Xtreme Sports Review

If you're in the mood for a game where each event is reasonably well designed and integrated into a greater, meatier whole, then Infogrames' Xtreme Sports should prove satisfying.

There's a popular saying among guidance counselors: "If you can't excel at one thing, at least be above average in everything else." Infogrames' Xtreme Sports fits this premise to a T. The game uses a single jack-of-all-trades game engine to portray six different sports: ATV driving, snowboarding, mountain biking, bungee jumping, sky surfing, and speed gliding. When compared with the events in genre-specific releases such as Rippin' Riders or Dave Mirra Freestyle BMX, no single event in Xtreme Sports is particularly noteworthy. However, as a compilation, the game is quite proficient.

Instead of emphasizing specific performances in different events, Xtreme Sports is more akin to a heptathalon. In each of the game's three championship brackets, you'll ride ATVs, glide the friendly skies, leap from bungee platforms, slide down steep slopes, and pedal your way to the finish line - your overall completion time taking precedence over the skill and flair exhibited in any one event. To complete one bracket and move to the next, you'll have to take the gold in not one, but three or four such grueling competitions spanning a variety of worldly locales. If you're successful, your prowess will earn you access to 11 different base tracks and five additional bonus tracks that range from the heights of Mt. Kilimanjaro and the Himalayas to the confines of Maui, Stryn, and Scotland. If you stumble, the game's practice, single track, and two-player versus modes should keep you occupied until you're able to overcome the three CPU-controlled opponents.

As for how the game actually plays, that depends on how holistic you are. Taken individually, none of the game's events is terribly deep or creative. Each has roughly similar controls - the analog pad steers, the R trigger controls acceleration, the A button makes your character jump, the X button unleashes a turbo boost, and the Y or B buttons perform blocking and tricks. Speed through the course as fast as you can with these controls and you'll do fine. The snowboarding, ATV, and mountain biking events exhibit the greatest level of refinement, with a number of clever jumps, obstacles, and tunnels, which make the events almost as good as those in the corresponding stand-alone genre-specific releases. The game's other three events - sky surfing, speed gliding, and bungee jumping - aren't nearly as challenging or inspired, existing mainly as twitch-based diversions designed to greatly hinder or enhance your overall time. It may not sound like much in pieces, but as an overall product, Xtreme Sports blends these activities well. The speed and trick points earned in the snowboarding and biking events give you a greater head start and turbo boost for use in the ATV competition, while the overall lead gained in these activities gives you a leg up in the dog-eat-dog speed gliding competition. Even the action of running between courses is a gameplay element in this game, as you'll have to madly tap the A button to quickly transition from one course to another. In linking the events together in this manner, developer Innerloop has transformed what would have otherwise been a snooze into a remarkably addictive and varied game.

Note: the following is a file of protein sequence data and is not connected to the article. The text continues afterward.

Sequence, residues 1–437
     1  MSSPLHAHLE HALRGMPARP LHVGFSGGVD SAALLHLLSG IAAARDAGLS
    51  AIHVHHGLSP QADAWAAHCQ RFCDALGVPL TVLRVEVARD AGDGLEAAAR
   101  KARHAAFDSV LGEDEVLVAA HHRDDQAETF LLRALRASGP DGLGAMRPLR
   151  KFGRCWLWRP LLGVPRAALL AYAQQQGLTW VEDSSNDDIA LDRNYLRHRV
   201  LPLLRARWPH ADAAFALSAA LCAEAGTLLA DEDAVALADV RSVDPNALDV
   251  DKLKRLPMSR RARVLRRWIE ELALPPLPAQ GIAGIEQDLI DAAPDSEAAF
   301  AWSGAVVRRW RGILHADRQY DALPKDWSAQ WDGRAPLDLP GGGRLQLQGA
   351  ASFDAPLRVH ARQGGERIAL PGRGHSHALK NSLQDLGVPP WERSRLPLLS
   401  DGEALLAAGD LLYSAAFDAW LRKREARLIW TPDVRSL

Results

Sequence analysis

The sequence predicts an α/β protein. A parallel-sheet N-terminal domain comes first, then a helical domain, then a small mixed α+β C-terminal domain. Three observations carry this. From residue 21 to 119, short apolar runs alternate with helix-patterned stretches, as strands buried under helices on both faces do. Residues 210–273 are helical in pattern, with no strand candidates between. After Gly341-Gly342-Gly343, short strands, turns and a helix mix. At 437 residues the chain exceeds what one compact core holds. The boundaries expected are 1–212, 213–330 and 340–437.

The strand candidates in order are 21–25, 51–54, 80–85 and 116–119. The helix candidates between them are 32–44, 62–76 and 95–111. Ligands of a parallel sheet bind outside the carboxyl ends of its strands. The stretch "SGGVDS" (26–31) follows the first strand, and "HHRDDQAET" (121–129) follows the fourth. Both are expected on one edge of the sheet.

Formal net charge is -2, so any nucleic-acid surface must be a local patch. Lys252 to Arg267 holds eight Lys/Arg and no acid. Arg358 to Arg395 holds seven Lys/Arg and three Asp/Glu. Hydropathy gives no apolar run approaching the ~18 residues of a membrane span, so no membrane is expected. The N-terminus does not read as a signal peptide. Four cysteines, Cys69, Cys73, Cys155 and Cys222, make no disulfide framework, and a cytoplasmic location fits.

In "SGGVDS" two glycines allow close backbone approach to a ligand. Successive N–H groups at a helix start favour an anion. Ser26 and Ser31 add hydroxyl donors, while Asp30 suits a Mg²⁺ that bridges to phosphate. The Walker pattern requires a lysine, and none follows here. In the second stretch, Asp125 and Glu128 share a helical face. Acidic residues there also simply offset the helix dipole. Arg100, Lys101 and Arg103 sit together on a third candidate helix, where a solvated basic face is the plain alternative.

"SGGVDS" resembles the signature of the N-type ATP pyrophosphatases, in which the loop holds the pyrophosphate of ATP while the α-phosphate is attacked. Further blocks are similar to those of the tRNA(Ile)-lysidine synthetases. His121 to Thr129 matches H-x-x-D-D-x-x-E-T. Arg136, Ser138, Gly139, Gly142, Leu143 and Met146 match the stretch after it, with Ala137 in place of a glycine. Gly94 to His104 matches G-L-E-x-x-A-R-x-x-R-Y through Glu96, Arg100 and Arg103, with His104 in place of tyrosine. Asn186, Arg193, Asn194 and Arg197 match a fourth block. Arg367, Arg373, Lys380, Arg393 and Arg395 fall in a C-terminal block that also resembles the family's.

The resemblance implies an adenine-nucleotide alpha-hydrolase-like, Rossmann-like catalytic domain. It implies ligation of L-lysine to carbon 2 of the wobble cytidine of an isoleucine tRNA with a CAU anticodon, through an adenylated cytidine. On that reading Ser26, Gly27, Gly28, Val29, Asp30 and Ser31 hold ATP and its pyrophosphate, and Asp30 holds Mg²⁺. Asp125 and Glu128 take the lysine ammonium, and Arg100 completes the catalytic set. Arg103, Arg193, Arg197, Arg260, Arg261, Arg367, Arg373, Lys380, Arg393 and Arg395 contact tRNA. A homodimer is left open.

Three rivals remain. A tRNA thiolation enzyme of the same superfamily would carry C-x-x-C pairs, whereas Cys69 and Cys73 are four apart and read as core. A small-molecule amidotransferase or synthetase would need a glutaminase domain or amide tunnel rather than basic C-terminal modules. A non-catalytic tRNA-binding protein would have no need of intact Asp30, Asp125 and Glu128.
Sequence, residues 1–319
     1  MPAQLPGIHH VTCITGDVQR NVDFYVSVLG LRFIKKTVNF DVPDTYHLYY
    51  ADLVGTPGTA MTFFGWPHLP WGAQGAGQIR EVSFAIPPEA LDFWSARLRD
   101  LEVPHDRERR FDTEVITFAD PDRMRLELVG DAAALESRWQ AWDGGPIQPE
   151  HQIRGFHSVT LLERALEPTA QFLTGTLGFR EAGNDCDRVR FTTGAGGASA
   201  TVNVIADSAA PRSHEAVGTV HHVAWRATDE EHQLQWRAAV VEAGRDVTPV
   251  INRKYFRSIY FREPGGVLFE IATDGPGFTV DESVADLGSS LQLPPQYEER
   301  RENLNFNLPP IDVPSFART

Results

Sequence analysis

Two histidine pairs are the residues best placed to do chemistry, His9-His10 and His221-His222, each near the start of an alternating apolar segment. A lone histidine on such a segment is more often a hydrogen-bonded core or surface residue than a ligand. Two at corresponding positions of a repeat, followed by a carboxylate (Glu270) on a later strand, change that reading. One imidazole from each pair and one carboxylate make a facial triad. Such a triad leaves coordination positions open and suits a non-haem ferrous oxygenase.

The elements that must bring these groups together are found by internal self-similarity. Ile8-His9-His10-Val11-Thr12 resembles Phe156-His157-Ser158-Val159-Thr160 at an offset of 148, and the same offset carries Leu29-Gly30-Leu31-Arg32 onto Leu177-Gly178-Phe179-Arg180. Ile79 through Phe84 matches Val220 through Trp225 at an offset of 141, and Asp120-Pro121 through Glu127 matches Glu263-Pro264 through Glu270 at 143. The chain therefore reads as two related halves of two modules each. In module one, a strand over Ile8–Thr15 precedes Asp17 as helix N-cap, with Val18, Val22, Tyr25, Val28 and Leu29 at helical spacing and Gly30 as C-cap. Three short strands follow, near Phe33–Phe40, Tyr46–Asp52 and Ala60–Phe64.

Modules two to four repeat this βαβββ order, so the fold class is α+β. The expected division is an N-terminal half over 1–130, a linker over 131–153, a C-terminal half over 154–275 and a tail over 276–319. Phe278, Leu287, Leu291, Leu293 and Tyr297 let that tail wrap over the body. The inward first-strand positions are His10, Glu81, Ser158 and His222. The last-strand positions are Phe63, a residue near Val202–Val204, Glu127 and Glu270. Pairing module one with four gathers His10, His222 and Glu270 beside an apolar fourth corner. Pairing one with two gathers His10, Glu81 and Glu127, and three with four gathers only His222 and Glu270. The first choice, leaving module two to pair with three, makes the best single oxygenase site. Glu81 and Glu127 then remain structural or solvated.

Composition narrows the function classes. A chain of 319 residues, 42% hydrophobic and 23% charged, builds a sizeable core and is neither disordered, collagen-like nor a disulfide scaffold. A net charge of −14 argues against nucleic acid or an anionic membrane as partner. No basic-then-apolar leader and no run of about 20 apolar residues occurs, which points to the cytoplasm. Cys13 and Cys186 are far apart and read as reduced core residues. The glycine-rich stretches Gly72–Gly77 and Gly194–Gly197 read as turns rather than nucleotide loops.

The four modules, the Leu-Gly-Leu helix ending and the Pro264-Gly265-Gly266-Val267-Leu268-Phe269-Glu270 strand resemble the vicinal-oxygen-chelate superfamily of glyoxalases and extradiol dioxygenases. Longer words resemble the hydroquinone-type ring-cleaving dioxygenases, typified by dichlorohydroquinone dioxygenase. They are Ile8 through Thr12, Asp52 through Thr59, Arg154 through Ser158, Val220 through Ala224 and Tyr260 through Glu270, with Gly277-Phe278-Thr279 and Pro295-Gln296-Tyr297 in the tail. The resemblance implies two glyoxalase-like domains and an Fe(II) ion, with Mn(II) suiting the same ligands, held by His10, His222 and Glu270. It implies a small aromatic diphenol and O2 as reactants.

Graphically, Xtreme Sports looks beautiful, although it's not without its problems. Each course, be it the snowy peaks of the Himalayas or the volcanic shores of Maui, is a faithful representation of its real-world counterpart. Snowdrifts and fog populate colder climates, while lava flows and billowing dust are common in the warmer settings. From time to time, spectator helicopters and commuter traffic will make their presence known in the competition, either by becoming obstacles or kicking up hellacious dust clouds. As is common in games of this nature, sunlight-inspired lens flares and reflective water textures are overused to the point of gaudiness. In terms of character models, the game's four riders - Nina, Cath, Noel, and Raga - aren't going to win any awards, but each moves and gesticulates with enough realism to convey the impression of a real human shooting down a mountain at 60mph. Oddly, the game's greatest stumble is one rarely seen in Dreamcast games - texture warping. If you pay attention to the walls while passing through valleys or tunnels, the textures covering them will undulate and shimmer as if an alien force from the eighth dimension were burrowing its way into our reality. The problem never interferes with actual gameplay, but discerning graphics nuts should go into the game knowing it's got a few blasphemous flaws.

In the audio department, there are a number of New Age and industrial songs that serve to set the mood, while a smattering of ambient environmental effects, such as spectators or gusting wind, back up the soundtrack with a decent sense of realism. The majority of sound effects, mostly engine murmurs and crash noises, are somewhat weak, but this is offset by a bevy of hilarious character voice samples. Nothing is more enjoyable than getting into the groove racing up a mountain, only to have a shrill "argh!" break your concentration and send your rider skidding across the gravel.

Overall, your mindset will be the determining factor in how much you'll enjoy Xtreme Sports. If you're expecting six perfect games wrapped up in one title, you'll only find disappointment. However, if you're in the mood for a game where each event is reasonably well designed and integrated into a greater, meatier whole, then Infogrames' Xtreme Sports should prove satisfying.

The Good

  • N/A

The Bad

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